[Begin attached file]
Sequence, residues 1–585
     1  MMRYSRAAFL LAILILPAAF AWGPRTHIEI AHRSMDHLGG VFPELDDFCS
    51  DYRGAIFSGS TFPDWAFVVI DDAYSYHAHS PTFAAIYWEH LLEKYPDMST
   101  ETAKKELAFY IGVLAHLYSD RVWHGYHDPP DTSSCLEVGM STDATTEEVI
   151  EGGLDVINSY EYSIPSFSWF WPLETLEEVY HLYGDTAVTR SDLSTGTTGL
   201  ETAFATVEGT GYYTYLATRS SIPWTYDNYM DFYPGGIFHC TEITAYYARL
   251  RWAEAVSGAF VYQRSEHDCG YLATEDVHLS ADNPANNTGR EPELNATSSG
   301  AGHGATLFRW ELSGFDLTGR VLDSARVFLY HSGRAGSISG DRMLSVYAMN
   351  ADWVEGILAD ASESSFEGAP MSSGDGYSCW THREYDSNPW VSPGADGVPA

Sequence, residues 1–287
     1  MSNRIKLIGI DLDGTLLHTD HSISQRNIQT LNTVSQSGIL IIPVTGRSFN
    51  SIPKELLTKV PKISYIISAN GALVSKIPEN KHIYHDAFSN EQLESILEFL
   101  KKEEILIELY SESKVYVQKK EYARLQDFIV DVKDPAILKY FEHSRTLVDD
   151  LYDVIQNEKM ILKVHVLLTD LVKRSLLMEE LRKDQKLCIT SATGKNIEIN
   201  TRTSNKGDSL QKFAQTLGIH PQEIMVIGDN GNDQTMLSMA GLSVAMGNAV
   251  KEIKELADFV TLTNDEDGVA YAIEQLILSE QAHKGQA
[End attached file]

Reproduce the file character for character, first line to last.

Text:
Sequence, residues 1–585
     1  MMRYSRAAFL LAILILPAAF AWGPRTHIEI AHRSMDHLGG VFPELDDFCS
    51  DYRGAIFSGS TFPDWAFVVI DDAYSYHAHS PTFAAIYWEH LLEKYPDMST
   101  ETAKKELAFY IGVLAHLYSD RVWHGYHDPP DTSSCLEVGM STDATTEEVI
   151  EGGLDVINSY EYSIPSFSWF WPLETLEEVY HLYGDTAVTR SDLSTGTTGL
   201  ETAFATVEGT GYYTYLATRS SIPWTYDNYM DFYPGGIFHC TEITAYYARL
   251  RWAEAVSGAF VYQRSEHDCG YLATEDVHLS ADNPANNTGR EPELNATSSG
   301  AGHGATLFRW ELSGFDLTGR VLDSARVFLY HSGRAGSISG DRMLSVYAMN
   351  ADWVEGILAD ASESSFEGAP MSSGDGYSCW THREYDSNPW VSPGADGVPA

Sequence, residues 1–287
     1  MSNRIKLIGI DLDGTLLHTD HSISQRNIQT LNTVSQSGIL IIPVTGRSFN
    51  SIPKELLTKV PKISYIISAN GALVSKIPEN KHIYHDAFSN EQLESILEFL
   101  KKEEILIELY SESKVYVQKK EYARLQDFIV DVKDPAILKY FEHSRTLVDD
   151  LYDVIQNEKM ILKVHVLLTD LVKRSLLMEE LRKDQKLCIT SATGKNIEIN
   201  TRTSNKGDSL QKFAQTLGIH PQEIMVIGDN GNDQTMLSMA GLSVAMGNAV
   251  KEIKELADFV TLTNDEDGVA YAIEQLILSE QAHKGQA